Massachusetts infringement effort goes way too far

AP Photo/Michael Conroy

Between the Bruen decision and the Heller decision, there’s a particular framework that gun control laws would need to operate within if they want a hope in hell of standing up to legal scrutiny. One such thing would be some kind of historic analog. Another would be whether or not the gun is in common use.

Massachusetts, however, is a state that doesn’t seem to care at all about that.

Ironic, really, when you consider the Revolution started there and kicked off with an attempt at gun confiscation, but I digress.

Now Massachusetts is considering a bill that mimics all the worst parts of carry laws we’ve seen elsewhere and includes an assault weapon ban just for flavor.

The state House Speaker announced the lower chamber will move forward with a controversial new gun control bill which would ban new purchases of AR-15s.

Formerly known as HD.4420, the new bill introduced by state Rep. Michael Day offers many of the same provisions seen in the bill the Stoneham Democrat released in June. Day toured the state, making 11 stops, and met with gun rights groups in recent weeks before releasing a new version on Thursday. According to House Speaker Ron Mariano, the complaints of gun rights groups were heard.

“This is a huge pile of crap,” Jim Wallace, the Executive Director of the Gun Owners Action League, told the Herald after the bill was announced.

Despite the previous bill being mired in legislative limbo since Day first offered it, gun advocates responded with alarm when they learned the bill would ban them from carrying otherwise lawfully possessed concealed firearms on most private property without the express permission of property owners. The new bill changes that language to just include private homes, not public places like bars and restaurants, according to Day.

The bill also reinstates a ban on so-called assault weapons, similar to the rules instituted by the federal government in 1994.

“Those belong on the battlefield, not on our streets. So we’ve updated the assault weapons ban based on features that make semiautomatic weapons as lethal as automatic weapons,” Day said.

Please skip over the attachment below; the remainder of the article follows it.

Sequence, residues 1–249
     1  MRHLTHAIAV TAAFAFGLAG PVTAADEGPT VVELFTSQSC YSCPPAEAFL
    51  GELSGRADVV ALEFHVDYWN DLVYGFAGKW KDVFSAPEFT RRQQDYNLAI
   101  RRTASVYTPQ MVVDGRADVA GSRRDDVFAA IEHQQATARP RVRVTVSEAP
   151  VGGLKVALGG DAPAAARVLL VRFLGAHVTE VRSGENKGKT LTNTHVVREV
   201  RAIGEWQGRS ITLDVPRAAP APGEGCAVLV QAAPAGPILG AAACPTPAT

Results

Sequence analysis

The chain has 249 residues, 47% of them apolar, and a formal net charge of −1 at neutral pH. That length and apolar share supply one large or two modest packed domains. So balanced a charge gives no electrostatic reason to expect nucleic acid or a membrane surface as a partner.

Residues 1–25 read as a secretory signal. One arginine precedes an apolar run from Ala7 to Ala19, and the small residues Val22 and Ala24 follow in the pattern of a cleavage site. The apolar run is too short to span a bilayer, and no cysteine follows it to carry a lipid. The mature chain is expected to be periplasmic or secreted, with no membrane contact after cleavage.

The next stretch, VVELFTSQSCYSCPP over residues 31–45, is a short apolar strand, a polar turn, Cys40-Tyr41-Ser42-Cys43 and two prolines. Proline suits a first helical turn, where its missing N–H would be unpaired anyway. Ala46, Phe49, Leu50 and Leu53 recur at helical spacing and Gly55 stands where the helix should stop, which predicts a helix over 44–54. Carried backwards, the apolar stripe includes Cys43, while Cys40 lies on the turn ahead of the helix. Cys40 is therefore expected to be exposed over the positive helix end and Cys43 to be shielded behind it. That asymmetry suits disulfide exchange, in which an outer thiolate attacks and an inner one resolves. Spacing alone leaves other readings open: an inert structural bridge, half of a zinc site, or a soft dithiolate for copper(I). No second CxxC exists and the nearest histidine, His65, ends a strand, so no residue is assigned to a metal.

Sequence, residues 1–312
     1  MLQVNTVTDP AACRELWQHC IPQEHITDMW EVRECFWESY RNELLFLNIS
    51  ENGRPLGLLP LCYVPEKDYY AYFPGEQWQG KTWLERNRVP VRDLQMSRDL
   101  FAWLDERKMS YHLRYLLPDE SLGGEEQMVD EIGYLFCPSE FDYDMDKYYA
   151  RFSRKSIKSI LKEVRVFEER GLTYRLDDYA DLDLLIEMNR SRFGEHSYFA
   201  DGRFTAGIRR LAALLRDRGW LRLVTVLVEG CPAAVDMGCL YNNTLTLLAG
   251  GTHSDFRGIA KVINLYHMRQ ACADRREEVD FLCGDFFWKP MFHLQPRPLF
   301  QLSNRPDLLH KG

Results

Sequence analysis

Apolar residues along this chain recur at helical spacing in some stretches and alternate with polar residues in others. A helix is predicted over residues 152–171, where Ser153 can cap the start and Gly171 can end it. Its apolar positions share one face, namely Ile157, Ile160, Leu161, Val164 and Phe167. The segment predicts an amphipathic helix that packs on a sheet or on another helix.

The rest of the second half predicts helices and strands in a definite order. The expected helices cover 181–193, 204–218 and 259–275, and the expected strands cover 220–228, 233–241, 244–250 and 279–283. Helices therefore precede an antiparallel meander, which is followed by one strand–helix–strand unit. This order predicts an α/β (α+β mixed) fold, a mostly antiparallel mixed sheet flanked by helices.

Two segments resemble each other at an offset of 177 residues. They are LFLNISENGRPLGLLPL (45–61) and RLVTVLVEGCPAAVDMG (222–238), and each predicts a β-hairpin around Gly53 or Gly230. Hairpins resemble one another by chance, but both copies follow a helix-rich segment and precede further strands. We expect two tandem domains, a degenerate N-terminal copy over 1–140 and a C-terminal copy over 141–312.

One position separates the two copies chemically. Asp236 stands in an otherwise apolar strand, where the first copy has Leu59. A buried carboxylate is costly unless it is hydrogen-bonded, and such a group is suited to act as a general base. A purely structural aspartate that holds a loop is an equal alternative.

People like Day keep saying that, yet they haven’t shown a single battlefield where an AR-15 has been deployed as an issued firearm.

Further, semiautomatic rifles and automatic rifles are very different things and there’s really no feature, particularly under current law, that allows a semi-auto to be “as lethal”–assuming we’re accepting that rate of fire somehow equates to lethality–as a full-auto.

It’s funny, though, how the AR-15 is at once insufficient to resist a tyrannical federal government yet a tool of the battlefield too deadly for civilian hands. The two seem to contradict one another, at least to some degree.

Regardless, people are upset that Massachusetts is doing both the assault weapon ban and these particular carry restrictions. They should be.

For years, the practice was for lawful carry to be permitted unless a business owner explicitly forbade it. Some states didn’t accept even that, but many states would allow a sign at the door to be sufficient to legally prohibit carrying a firearm on the premises.

Now, though, the attempt is to shift things so that concealed carry is prohibited even in places that are ambivalent one way or the other.

We don’t do that with any other right, by the way. The assumption has always been your rights are respected unless told otherwise. While a business can limit free speech on their property, for example, we don’t require them to put a sign up permitting it explicitly.

Now, it should be noted that HD4420–the predecessor for this bill–was pulled by Day after scores of gun owners and local law enforcement loudly pointed out the fundamental flaws with the bill. With the first public hearing for HD 4607 scheduled for next Tuesday, it’s time for Second Amendment supporters to make some more noise.

This bill ignores both Heller and Bruen, so there’s every reason to believe that even if it were passed it wouldn’t survive the judicial system’s review of it.

But the best hope is to push lawmakers in Massachusetts and elsewhere to stop trying to infringe on our rights in the first place.